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Women supporting women: A reflection on International Women’s Day

Women supporting women: A reflection on International Women’s Day

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As a child, I had dreams of being a famous writer or journalist, but alas, my talents lay on the other side of my brain and I eventually became an actuary. I love my career, but throughout it I have many times been the proverbial “only woman in the room.” I honestly never considered this possibility when I decided to major in math, nor when I took my first job at an actuarial firm. I was lucky — my parents gave me no instructions on what I could or could not do; that was completely up to me. This was liberating, almost to the point of naivety. My parents’ true and only expectation was for me to perform up to my potential. I must add, that left no room for me to perform below that bar — was a strict “no excuses policy” — but I was free to choose my life’s path. It wasn’t until I had begun my career and sought a mentor that I realized it would likely need to be a man. At the time, there were few leaders in the actuarial profession that were women. That reality has changed for the better.

Today, on International Women’s Day (IWD), I see a world and profession that has progressed significantly since I took my first actuarial exam more than 30 years ago. There are still times when I am the only woman at a meeting, but now I am sometimes the one leading it. And, I see multiple women in prominent leadership roles — CEO of a Fortune 100 company, President of the European Commission, Director-General of the World Trade Organization, general manager of a major league baseball team, and recently Vice President of the United States. Additionally, in my own profession, all five U.S.-based actuarial associations currently have a woman as their president-elect. When I was president of the Society of Actuaries (SOA) in 2013, I was only the fourth woman to lead the SOA, and last year I was only the third woman to lead the International Actuarial Association (IAA) as president. But this year, for the first time, women outnumber men on the IAA’s leadership team.

Yes, the world has changed, but there is still much more that needs to be done. This year, UN Women has selected the IWD theme “Women in Leadership: Achieving an Equal Future in a COVID-19 World”. They aim to celebrate women’s efforts around the world as we are “shaping a more equal future and recovery from the COVID-19 pandemic.” Indeed, this pandemic has not been gender-neutral. Rather, it has brought greater career challenges to women: More women than men have lost their job; more women than men in hourly jobs have seen their hours cut; and women, traditionally carrying a  greater burden than their male counterparts when it comes to assuming the role of caregiver, have had myriad other titles conferred on them as well: Teacher, nurse, referee, etc. In addition, most workers in “frontline” sectors — including retail, health, K-12 education, and paid care — are women.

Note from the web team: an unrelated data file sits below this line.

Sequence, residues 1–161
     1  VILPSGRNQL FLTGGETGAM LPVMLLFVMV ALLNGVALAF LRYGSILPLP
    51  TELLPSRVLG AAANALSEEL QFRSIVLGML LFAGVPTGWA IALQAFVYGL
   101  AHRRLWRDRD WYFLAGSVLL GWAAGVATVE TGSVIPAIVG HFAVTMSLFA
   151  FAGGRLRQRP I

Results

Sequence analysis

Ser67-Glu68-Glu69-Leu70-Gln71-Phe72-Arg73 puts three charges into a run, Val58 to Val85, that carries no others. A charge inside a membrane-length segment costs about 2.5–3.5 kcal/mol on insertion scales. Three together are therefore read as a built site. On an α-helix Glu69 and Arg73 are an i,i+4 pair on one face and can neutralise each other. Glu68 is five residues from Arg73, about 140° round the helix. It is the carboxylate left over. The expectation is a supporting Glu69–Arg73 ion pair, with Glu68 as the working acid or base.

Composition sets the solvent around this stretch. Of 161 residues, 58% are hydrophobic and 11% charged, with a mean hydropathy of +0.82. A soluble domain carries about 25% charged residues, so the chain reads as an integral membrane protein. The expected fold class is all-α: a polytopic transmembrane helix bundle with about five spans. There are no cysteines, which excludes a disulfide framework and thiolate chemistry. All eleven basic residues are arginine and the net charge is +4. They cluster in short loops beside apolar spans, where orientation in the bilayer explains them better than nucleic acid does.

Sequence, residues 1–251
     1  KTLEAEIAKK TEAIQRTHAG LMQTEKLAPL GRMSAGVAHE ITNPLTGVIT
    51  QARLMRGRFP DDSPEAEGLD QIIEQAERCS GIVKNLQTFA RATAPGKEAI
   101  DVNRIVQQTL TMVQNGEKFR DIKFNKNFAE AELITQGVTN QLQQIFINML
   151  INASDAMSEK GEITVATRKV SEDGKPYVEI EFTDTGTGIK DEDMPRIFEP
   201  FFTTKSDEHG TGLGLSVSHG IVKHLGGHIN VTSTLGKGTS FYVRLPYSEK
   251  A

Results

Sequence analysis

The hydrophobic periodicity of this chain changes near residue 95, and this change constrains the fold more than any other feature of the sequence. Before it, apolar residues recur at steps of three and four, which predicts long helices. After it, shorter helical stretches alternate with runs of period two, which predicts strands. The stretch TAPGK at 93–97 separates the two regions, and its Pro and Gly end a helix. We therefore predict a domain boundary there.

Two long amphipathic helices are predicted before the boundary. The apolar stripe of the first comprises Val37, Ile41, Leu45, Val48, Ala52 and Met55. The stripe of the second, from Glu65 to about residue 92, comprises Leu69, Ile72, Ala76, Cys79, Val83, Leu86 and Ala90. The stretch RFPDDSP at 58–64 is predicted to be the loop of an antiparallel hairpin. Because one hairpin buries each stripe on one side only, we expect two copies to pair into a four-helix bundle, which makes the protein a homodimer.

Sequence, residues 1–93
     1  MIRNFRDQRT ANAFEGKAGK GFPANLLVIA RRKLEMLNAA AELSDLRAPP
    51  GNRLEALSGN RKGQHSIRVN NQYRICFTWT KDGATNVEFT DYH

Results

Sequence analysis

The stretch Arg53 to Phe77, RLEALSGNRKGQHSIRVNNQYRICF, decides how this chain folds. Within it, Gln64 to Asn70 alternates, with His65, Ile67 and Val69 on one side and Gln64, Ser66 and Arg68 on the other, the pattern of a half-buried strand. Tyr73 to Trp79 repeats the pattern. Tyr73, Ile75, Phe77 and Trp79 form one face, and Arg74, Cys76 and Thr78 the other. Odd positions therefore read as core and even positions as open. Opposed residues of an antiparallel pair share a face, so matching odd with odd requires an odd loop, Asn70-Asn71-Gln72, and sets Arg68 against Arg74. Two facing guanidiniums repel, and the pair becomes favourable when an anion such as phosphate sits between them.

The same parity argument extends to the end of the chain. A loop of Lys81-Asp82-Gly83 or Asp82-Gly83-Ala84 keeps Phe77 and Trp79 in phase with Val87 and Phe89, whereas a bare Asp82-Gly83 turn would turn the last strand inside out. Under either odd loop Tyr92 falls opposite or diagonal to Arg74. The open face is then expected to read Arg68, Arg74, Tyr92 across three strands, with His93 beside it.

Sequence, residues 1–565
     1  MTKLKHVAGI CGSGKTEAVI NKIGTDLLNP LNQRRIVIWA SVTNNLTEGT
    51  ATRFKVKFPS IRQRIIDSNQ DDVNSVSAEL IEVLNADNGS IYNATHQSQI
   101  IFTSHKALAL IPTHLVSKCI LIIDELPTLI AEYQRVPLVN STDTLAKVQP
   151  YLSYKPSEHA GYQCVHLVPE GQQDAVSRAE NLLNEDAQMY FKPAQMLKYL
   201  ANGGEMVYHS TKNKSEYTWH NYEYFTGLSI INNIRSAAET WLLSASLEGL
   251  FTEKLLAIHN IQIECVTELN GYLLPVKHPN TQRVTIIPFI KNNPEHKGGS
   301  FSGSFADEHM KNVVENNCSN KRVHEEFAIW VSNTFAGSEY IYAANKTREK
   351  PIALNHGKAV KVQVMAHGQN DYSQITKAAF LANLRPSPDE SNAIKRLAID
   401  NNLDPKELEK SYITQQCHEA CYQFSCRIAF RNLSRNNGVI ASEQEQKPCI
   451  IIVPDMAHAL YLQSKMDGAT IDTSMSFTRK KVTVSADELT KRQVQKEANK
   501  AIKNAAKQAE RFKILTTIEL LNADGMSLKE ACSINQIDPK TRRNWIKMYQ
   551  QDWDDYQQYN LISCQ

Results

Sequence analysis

As we plan for life after the pandemic, and eventually start to see what our new normal will be like, both governments and businesses need to be intentional in how their efforts specifically support women. Without this, decades of progress toward gender equality might be lost. Understanding this challenge, many companies have started shaping policies and providing support to help women more effectively manage their careers as well as their families. Companies that have taken up this baton will be rewarded as women continue to blaze new trails, increase their knowledge, and, perhaps most importantly, these women will not lose ground in their careers while the pandemic lingers. It’s encouraging to see these efforts to keep women’s opportunities equal, and to provide them with the necessary support that takes into account all they have been asked to do both at work and at home.

Still, we should not leave this important effort to governments and businesses. It’s critical that women connect with each other and lift each other up. Two years ago, the Conference of Consulting Actuaries (CCA) formed the Women in Consulting Community (WICC), enabling women actuaries to share information and experiences, learn through forums and book clubs, or just chat over lunch — all with the aim of helping them better manage both their careers and their lives outside of work. And, last year, Buck created the Employee Resource Group (ERG), “Women Empowered at Buck (W.E.B.).” It’s exciting to help this important ERG take off and to support my female colleagues achieve their version of success through education, mentoring, and connection. W.E.B. reflects Buck’s belief in fairness and in compensating women for equal accomplishment on the same basis as men. In fact, the first employee George B. Buck, Sr. hired in 1916 was a woman, and during Margaret Burt’s 44 years with Buck, she was one of the highest paid women in America.

Digging deeper, women need to support each other on an individual level. I strongly relate to Michelle Obama’s statement in her book Becoming: “This, for me, began a habit that has sustained me for life, keeping a close and high-spirited council of girlfriends — a safe harbor of female wisdom.” Without my close council of female friends, I would not be who I am or where I am today.

I look forward to celebrating IWD this year as we recognize how much has been achieved. It is crucial, however, that we stand ready to push forward for greater gender equality so more women can thrive, even during these difficult times. And, if each of us women pitch in to help each other, we can continue to build a better future, one council of girlfriends at a time.